So-called ‘Pegasus’ first made it to the headlines in 2016, however public opinion was not fully aware of how severe danger it poses to civil liberties until last year, when it was revealed that the programme was used to spy on and steal data from thousands of independent journalists and activists in dozens of countries. Last week, as a consequence of US blacklisting the company that created Pegasus, Apple sued NSO Group for breaching the privacy of Apple products’ users. The company also decided to notify via e-mail or via SMS every user who may have been a victim. It is clear that such type of spyware is very dangerous to our privacy and to our liberty. Before I elaborate on that, here’s some facts about Pegasus.
What is Pegasus?
Pegasus is a spyware developed by Israeli company NSO Group that is used to target mainly mobile phones. The company claims that the products is only sold to authorised goverments in order to crack down on organised crime like human trafficking or prevent terrorist attacks, all for the public safety (source: official site of NSO Group).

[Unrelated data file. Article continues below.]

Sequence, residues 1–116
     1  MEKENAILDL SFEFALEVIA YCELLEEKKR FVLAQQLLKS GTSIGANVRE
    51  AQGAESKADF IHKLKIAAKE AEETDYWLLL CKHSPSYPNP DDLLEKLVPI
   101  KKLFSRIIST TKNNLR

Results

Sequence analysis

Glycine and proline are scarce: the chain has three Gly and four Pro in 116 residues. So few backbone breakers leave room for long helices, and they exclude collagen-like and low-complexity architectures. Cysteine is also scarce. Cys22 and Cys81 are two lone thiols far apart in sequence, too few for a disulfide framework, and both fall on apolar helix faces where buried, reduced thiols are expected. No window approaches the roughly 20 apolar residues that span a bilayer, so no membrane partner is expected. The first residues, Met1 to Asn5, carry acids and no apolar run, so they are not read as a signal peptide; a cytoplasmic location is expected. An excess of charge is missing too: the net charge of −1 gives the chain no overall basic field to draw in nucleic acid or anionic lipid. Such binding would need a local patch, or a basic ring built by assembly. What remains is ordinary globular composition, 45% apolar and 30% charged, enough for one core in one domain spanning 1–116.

However it is known, that in many cases it is the opposition, or the journalists criticising the government who are under the surveillance. It is suspected, that even Amazon’s Jeff Bezos and French president Emmanuel Macron might have fallen victims to company’s infamous spyware. Some of the clients are also authoritarian regimes, which while having disdain for human rights, most probably won’t be held accountable for the invigillation.
How does it work and why it is particurarly dangerous?
Most of countries have secret services, which gather our private data without consent, and on the spyware market there are many products which fulfill the same goal. However the key reason why Pegasus is particurarly dangerous is its methods of infecting the devices.
Primary targets of Pegasus are mobile phones. Vast majority of mobile phones have either Android or iOS. There is no operational system which will prevent your phone from getting hacked, but there are differences between the systems, which make your device safer or less safe. One of key factors on that matter are frequent software updates. If the patches and bugfixes are coming out rarely and with a delay, then it is much easier to exploit vulnerabilities in device’s security, as they won’t be patched out anytime soon, which is unfortunately the case with Android. The only mobiles which are getting firmware (iOS) updates are iPhones, which are made by the same company – Apple. However Android can be easily modified by the producers, which tend to install a User Interface (UI). In this case, this is a disadvantage, because before each update is made available, the new version of firmware needs to be integrated with producer’s UIs, which prolongs the whole process dramatically. In addition, devices with Android tend to receive less OS updates before ending the support than iPhones.